Monday, June 6, 2011
Brooklyn Hip Hop, NYPD Rape, Beer Gardens, Concert Tickets and the Dream Hotel
Compiled by Gamal Hennessy
The Brooklyn Hip Hop Festival (July 11-16)
Tribe Called Quest front man and prominent DJ Q-Tip is hosting a celebration of hip hop culture this summer.
The NYPD Rape Case
While the incident and the details of the 2009 attack have been in the news for several months. The verdict has been handed down by the court. The aftermath is still in the news. But the important lesson from the NYPD rape case deserves more attention. As nightlife patrons, we ultimately have to protect ourselves from predatory behavior. We can’t get drunk and assume that a bouncer, a cab driver or a police officer is going to get us home. They might, since New York is full of decent people. Then again, they might break into our apartments and abuse us. If you are outraged at the cops, remember that anger when you go drinking. That way, you’ll make sure you can go home without them.
Lowering the Drinking Age
Last week I posted a piece about the motivations for underage drinking. Now a new report from the American Council on Science and Health released a study arguing that the legal drinking age of 21 might create more social problems than it solves. At the heart of this argument is the concept that increased enforcement stringent will merely drive it into the shadows instead of stopping it. The author recommends removing the mystique around drinking through sensible exposure. While it is political suicide for anyone to suggest reducing the drinking age, the idea that responsible indulgence can be tied to age is a weak one at best.
Along with rooftop bars, tiki bars and speakeasies, the beer Garden has been a growing trend in New York nightlife for the past three years. This summer is starting off with six new locations in spots as diverse as Chelsea, Harlem, Grand Central and Midtown West. Brooklyn is probably still the king of the beer garden boroughs, but who knows how long that will last.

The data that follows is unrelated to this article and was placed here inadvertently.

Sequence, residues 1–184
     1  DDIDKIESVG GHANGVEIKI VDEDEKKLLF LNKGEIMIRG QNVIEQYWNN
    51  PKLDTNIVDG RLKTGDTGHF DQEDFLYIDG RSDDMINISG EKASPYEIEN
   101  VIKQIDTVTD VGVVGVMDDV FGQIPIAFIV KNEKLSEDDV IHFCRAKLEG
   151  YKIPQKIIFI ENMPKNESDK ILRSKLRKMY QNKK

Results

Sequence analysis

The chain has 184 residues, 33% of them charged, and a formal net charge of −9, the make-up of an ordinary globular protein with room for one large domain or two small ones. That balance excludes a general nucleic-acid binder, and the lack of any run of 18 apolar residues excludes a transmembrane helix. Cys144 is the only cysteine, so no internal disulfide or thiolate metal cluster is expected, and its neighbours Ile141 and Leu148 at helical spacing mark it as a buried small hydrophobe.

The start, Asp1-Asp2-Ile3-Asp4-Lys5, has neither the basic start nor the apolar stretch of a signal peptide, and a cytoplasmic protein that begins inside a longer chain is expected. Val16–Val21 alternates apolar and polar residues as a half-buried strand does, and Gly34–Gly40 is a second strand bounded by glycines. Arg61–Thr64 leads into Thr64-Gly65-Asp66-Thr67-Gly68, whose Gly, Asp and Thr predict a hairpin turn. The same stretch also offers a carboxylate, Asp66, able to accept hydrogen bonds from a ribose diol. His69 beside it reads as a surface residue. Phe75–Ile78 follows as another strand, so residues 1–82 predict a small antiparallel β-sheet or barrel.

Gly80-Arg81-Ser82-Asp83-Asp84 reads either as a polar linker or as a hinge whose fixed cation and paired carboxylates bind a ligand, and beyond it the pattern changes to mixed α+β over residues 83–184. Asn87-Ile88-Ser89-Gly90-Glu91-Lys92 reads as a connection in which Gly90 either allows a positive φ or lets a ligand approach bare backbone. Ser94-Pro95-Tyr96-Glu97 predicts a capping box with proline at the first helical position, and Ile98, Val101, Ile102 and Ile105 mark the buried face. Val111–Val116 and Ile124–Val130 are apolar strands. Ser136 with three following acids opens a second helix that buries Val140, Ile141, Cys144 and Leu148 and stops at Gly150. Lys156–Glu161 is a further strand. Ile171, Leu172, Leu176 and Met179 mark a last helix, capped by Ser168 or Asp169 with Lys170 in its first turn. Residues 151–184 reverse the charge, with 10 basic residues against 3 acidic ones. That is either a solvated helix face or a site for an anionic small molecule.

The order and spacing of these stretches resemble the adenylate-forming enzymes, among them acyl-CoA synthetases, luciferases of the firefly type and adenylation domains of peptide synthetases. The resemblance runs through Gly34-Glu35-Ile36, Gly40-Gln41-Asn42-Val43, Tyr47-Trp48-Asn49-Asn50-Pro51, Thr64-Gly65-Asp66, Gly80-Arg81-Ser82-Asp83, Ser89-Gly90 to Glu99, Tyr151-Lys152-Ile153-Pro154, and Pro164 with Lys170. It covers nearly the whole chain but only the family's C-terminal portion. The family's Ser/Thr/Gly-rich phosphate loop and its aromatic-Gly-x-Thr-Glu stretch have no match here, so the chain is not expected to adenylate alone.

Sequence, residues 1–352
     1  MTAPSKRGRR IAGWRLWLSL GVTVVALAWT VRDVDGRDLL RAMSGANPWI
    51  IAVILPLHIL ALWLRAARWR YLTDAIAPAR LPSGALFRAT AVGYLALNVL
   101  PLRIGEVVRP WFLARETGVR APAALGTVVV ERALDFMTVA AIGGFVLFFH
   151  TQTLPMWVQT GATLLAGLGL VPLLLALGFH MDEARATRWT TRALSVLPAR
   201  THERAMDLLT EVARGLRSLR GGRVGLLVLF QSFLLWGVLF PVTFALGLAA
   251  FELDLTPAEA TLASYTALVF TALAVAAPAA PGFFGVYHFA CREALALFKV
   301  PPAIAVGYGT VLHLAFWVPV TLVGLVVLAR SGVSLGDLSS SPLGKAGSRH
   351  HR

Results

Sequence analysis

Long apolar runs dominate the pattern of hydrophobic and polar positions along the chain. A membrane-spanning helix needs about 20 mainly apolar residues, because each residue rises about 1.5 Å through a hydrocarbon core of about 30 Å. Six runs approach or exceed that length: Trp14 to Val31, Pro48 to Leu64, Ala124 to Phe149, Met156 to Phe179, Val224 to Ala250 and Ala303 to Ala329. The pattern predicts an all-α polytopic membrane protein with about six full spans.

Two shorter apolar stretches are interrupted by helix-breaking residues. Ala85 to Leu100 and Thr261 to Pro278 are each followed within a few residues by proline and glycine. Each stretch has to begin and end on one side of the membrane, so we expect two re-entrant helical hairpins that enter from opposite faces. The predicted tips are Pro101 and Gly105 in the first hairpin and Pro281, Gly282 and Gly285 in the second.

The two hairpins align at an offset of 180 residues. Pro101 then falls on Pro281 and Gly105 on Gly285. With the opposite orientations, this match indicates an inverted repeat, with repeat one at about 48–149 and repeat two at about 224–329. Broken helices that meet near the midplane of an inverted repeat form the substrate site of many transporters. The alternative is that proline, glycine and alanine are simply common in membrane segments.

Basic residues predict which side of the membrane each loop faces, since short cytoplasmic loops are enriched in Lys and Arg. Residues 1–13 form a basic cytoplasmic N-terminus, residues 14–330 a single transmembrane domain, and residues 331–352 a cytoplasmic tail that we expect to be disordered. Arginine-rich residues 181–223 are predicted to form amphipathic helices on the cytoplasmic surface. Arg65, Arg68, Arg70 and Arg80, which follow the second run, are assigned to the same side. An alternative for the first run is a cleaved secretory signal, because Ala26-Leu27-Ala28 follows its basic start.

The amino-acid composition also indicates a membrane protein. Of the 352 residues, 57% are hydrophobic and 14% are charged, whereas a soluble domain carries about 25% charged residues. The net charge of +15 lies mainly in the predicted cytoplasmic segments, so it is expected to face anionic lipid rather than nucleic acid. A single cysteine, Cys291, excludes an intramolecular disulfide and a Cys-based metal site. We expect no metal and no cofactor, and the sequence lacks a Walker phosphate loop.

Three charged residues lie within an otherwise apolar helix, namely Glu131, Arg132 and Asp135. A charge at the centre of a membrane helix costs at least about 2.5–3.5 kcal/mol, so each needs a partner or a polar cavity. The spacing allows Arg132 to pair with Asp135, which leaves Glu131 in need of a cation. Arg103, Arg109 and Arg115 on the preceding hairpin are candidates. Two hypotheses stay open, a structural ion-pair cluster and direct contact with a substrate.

Real time price chances could make concert ticket prices resemble the stock market
Concert sites like Live Nation and Ticket Master have seen their profits go down in the face of competition from companies like Stub Hub. In an effort to reclaim some of that lost revenue, Live Nation is testing a system that would increase or decrease the price of tickets based on demand. This could lead to a chaotic system where two people could both buy their tickets online and be sitting next to each other at a show but one paid two or three times as much for their ticket. Secondary businesses are sure to pop up as a result when speculators buy tickets in bulk when they are first issued then sell them at a mark up when those tickets become scarce.
The newest entrant into the rooftop bar market is opening in the Dream Hotel Downtown this month, complete with a private entrance, a mini beach and a bottomless pool that can be seen from the lobby below.